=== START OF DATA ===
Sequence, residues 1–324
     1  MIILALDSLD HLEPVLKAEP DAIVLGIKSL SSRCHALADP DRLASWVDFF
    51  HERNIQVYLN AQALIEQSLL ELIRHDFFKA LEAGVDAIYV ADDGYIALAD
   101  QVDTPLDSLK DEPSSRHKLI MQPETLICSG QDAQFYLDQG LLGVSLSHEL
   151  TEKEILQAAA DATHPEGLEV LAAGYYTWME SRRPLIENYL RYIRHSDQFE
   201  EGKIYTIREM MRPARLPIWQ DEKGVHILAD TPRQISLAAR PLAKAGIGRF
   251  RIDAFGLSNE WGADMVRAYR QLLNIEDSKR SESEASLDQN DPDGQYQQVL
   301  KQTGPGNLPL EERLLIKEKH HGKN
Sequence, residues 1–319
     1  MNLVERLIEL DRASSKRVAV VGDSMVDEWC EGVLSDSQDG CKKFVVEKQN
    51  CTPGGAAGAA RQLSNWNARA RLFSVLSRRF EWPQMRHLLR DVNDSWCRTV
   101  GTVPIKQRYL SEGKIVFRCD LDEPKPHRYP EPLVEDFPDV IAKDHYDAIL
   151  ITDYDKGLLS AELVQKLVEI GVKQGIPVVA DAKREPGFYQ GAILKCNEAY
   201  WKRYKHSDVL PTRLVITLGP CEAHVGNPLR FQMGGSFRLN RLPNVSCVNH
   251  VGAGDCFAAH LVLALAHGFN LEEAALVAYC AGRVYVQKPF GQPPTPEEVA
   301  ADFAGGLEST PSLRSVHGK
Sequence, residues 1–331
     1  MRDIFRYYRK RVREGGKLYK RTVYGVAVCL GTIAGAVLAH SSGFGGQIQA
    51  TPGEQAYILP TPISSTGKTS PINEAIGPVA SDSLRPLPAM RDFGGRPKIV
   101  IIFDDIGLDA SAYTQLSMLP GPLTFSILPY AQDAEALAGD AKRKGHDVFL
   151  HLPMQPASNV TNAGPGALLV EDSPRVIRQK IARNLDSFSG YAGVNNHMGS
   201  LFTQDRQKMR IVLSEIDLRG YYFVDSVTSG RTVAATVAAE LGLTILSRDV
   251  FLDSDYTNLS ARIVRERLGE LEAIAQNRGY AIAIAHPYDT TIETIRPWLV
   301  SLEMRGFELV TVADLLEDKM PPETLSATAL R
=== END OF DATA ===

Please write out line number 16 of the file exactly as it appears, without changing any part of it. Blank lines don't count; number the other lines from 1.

   301  ADFAGGLEST PSLRSVHGK